When someone in Hollywood dies young, it can be tempting to write a paean of love to them simply because of their early death. Whether they were quite as incredible as people claim to remember, or have perhaps had some of their less saintly qualities buried under tributes and commiserations, the fact remains that often, such praise can be unjustified. For Philip Seymour Hoffman, posthumous star of A Most Wanted Man, this is decidedly not the case.
The film follows an illegal Chechen immigrant, Issa, who arrives in a post-9/11 Hamburg that is determined not to allow the same mistakes to reoccur that saw the architects of that attack live and plot unhindered in the city. As Issa sets red lights flashing all over the CIA and German police’s watch lists, the young human rights lawyer who takes on Issa’s case (Rachel McAdams) has no choice but to rely on a banker (Willem Dafoe) entrusted with Issa’s father’s ill-gotten Cold War millions and an aging, disgraced German intelligence agent, Günther.
Which brings us back to Hoffman. Hugely prolific, the actor tended towards characters who were generally insecure, closeted, perverted, alcoholic, cynical or, on occasion, evil. Boogie Nights, Magnolia, MI3, Happiness, Almost Famous all are perfect examples. Drawn to outcasts and misanthropes, Hoffman was not a cool actor, not a superstar. In this sense, he was perfect for the role of Günther. A tubby, wry, shabby-looking European, gruff but not humourless, Günther shares numerous scenes with his CIA counterpart, Martha, who is ice-cold and composed, perfectly groomed and masterfully flattering. The two could not be more dissimilar. Hoffman brings the character to life as a man with frustrations, with friendships and working relationships, and with a worldview that is neither as cynical as the American’s nor as idealistic as the lawyer’s. He is a heavy-drinking realpolitik guy, moral but also menacing when needed, in charge without appearing to be so. Hoffman’s Günther is the glue that brings all the other characters together in a film that is essentially half character study, half geopolitical statement. It would not be hyperbolic to say that elements of the way he moves and breathes in this film echo the later acting of Marlon Brando.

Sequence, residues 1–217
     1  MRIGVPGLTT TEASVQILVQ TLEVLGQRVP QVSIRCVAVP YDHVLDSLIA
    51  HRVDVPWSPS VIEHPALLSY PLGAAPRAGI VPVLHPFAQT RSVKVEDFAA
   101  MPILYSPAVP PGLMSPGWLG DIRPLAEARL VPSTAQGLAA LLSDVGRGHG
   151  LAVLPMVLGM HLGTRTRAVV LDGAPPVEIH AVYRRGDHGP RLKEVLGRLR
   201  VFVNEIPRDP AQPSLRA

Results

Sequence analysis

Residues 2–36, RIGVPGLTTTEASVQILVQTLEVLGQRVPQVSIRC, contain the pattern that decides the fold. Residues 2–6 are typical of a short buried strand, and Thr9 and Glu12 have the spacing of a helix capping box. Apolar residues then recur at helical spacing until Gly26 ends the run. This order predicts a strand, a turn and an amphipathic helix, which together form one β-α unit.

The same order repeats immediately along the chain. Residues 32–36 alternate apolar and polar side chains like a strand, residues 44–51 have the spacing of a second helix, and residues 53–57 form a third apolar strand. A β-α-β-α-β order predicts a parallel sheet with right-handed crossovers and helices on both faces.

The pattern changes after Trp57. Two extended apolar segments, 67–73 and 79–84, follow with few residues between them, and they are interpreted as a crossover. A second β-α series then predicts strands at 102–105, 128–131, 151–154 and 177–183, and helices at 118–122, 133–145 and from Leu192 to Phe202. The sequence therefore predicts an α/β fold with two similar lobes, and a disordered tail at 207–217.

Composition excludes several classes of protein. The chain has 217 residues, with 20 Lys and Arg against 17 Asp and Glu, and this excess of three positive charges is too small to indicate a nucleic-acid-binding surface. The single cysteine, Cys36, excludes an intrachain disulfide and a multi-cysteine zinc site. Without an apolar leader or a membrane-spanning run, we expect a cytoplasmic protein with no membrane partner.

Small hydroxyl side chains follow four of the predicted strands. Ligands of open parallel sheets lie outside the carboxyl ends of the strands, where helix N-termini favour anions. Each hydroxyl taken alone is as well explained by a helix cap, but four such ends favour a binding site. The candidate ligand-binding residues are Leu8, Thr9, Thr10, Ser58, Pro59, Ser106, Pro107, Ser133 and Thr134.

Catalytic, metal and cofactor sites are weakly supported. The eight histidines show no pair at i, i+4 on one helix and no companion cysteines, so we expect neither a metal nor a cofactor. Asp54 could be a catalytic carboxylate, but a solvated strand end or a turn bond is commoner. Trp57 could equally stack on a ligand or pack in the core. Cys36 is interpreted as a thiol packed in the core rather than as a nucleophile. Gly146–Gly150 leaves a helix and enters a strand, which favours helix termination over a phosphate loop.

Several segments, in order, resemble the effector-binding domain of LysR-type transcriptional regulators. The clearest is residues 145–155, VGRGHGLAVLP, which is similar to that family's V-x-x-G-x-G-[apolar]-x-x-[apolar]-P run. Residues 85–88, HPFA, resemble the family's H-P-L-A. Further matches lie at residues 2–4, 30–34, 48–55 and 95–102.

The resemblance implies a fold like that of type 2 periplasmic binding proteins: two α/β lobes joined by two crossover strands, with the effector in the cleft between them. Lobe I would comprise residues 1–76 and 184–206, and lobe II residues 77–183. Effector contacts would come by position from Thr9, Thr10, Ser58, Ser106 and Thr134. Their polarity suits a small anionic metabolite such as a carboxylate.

As for the film itself, the obvious comparison to be made is with 2011’s brilliant Le Carré adaptation Tinker Tailor Soldier Spy. A Most Wanted Man is far less complicated to follow, and whilst Tinker Tailor was a showcase for British acting talent, this is a more international affair. The change of setting from Cold War to War on Terror is one that gives the film its edge, allowing it, ultimately, to criticise the heavy-handed tactics used by the USA and to highlight the human rights abuses of extraordinary rendition and imprisonment without trial. Morality is here measured in delightfully subtle shades of grey. In addition to this, we still get all the traditional spy movie tropes: entrapment, blackmail, meetings in seedy bars and informants.
Sometimes, it seems as though the realism of the espionage can detract from the film’s entertainment value. Le Carré was a spy in Hamburg in the 60s, and one has to take his word on what spying is really like (it must be boring; after all, when was the last time you saw a gunfight in the street between men in suits using futuristic gadgets and driving Aston Martins?) but through the film’s two-hour runtime there are perhaps two scenes in which a character moves at more than a steady walk, nor is a single gunshot fired in the whole movie. That said, those who have read the book will remember the sensational final sequence, which will justify every second of the rest of the film to those with any doubts left.
A quiet, slow-burning and thought-provoking film, A Most Wanted Man represents the final bow of one of the finest actors of his generation, and that alone would be justification enough for existence and success. As it happens, it is also a telling commentary on the global conflict of the 21st century, the impact on those caught up in it, and the sacrifices made in the name of the greater good. Every now and then a film is made that makes you feel guilty if you don’t sit and think for a few minutes as the credits roll; A Most Wanted Man is one of those films.